No-frills airports "too risky" for new hotels

14 March 2003 by
No-frills airports "too risky" for new hotels

The growth in budget airlines across Europe is bringing new business to hotels, but the volatility of the low-cost airline market makes many of their destinations too risky for hotel investment, says a new report from consultants KPMG.

The report, unveiled at the International Hotel Investment Forum in Berlin yesterday, highlights the 46%-a-year increase in passengers flying with low-cost carriers since 1999 to almost 40 million in 2002. And the sector is expected for grow by a further 20-30% a year.

But the ability of low-cost airlines to change routes almost immediately - as seen with Ryanair's recent decision to close 12 routes operated by Buzz - means that it is often too risky to build new hotels at the airports they use.

"Hoteliers can't be too hasty in their investment choice," the report says. "Investors and developers should look to markets that can provide a sustainable local market demand without being reliant on the incremental demand generated by low-cost carriers using the local airport."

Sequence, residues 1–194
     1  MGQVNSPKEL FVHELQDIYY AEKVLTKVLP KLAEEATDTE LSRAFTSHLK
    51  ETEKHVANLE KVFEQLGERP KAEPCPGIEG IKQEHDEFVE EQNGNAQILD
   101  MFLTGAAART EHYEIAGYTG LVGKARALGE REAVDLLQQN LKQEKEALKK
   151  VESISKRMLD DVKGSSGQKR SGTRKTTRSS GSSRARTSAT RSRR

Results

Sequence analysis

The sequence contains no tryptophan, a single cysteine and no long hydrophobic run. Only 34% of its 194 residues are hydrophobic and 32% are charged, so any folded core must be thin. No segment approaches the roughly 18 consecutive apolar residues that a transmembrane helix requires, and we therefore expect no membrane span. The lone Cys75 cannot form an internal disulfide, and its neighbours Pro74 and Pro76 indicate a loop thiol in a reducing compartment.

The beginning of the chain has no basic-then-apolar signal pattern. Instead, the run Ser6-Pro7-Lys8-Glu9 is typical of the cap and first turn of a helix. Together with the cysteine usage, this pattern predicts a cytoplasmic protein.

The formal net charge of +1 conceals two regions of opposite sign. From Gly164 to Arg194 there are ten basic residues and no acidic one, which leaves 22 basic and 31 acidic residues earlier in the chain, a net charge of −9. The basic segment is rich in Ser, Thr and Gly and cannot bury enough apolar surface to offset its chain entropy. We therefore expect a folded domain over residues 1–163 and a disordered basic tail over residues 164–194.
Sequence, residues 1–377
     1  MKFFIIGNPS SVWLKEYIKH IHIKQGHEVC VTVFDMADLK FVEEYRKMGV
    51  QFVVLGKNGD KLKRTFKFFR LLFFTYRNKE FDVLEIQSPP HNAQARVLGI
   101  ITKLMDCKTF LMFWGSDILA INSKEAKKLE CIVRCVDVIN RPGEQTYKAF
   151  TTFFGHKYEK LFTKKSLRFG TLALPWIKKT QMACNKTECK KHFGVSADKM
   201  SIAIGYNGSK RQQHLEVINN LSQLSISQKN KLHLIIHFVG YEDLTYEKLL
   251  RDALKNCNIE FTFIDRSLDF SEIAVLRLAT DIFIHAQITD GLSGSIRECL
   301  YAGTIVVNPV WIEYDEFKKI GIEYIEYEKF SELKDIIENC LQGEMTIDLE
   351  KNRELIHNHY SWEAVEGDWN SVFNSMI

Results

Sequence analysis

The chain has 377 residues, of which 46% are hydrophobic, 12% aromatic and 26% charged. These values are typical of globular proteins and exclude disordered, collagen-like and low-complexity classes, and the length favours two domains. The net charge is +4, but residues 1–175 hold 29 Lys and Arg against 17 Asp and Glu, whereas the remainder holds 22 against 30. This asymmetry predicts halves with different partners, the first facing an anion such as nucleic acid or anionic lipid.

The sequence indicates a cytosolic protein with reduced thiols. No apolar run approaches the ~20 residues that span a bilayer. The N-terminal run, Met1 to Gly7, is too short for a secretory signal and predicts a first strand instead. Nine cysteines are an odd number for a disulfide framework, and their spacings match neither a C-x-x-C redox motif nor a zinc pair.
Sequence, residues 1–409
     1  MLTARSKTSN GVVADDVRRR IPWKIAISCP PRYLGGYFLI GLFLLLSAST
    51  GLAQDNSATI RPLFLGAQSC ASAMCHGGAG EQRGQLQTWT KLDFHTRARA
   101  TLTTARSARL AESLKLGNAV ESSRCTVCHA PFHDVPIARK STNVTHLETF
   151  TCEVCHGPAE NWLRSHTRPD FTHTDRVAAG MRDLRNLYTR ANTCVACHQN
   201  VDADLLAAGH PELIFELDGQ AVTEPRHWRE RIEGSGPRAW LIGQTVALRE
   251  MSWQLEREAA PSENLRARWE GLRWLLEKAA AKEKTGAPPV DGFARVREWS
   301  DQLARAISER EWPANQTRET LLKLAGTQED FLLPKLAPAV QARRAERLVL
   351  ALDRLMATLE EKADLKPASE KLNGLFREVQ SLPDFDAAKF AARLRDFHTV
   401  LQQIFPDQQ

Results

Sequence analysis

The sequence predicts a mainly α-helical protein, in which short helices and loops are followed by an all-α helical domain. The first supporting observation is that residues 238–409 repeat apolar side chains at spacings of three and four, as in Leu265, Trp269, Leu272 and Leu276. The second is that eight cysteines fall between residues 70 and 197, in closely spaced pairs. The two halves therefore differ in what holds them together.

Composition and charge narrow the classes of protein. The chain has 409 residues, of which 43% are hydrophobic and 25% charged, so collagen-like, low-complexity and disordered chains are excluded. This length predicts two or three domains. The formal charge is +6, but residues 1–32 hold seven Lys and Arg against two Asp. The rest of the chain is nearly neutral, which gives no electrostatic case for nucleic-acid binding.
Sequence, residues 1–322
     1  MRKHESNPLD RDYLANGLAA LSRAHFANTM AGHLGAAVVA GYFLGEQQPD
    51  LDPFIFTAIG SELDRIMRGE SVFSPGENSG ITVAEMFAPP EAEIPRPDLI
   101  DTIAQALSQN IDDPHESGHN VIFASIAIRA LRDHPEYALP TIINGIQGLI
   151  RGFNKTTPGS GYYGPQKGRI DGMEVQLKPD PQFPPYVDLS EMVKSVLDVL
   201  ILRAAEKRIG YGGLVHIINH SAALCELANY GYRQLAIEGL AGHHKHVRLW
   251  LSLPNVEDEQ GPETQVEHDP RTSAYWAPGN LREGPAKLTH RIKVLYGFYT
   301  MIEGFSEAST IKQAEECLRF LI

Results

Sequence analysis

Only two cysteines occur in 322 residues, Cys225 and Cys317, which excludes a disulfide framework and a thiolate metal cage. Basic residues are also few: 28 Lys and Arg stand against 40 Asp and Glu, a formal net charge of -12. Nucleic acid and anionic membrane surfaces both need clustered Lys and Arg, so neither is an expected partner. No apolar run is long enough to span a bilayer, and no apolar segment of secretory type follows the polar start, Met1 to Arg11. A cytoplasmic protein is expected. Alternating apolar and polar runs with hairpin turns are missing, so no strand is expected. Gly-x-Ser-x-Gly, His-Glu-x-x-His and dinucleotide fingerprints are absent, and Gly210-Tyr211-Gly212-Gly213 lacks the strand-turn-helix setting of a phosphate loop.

Budget hotels at larger regional airports such as Stansted and Luton in the UK are benefitting substantially from increased overnight stays, says the report. This is largely thanks to the early departure times of many budget flights.

But this demand for hotel rooms is largely restricted to outbound passengers. "We have found little evidence that increased traffic is stimulating new hotel developments in the surrounding areas of other secondary airports elsewhere in Europe," says the report.

Budget airlines have, however, increased the demand for independent holidays and weekend city breaks. They have also increased low-season demand in tourist destinations such as Ibiza, Alicante and Pisa.

And they have got customers used to booking via the internet.

"The budget hotels, in particular, are presented with new opportunities for targeting the traveller than wants to create his or her own holiday package," says KPMG. "Online booking platforms could, potentially, be the next step in the collaboration between budget airlines and hotels."

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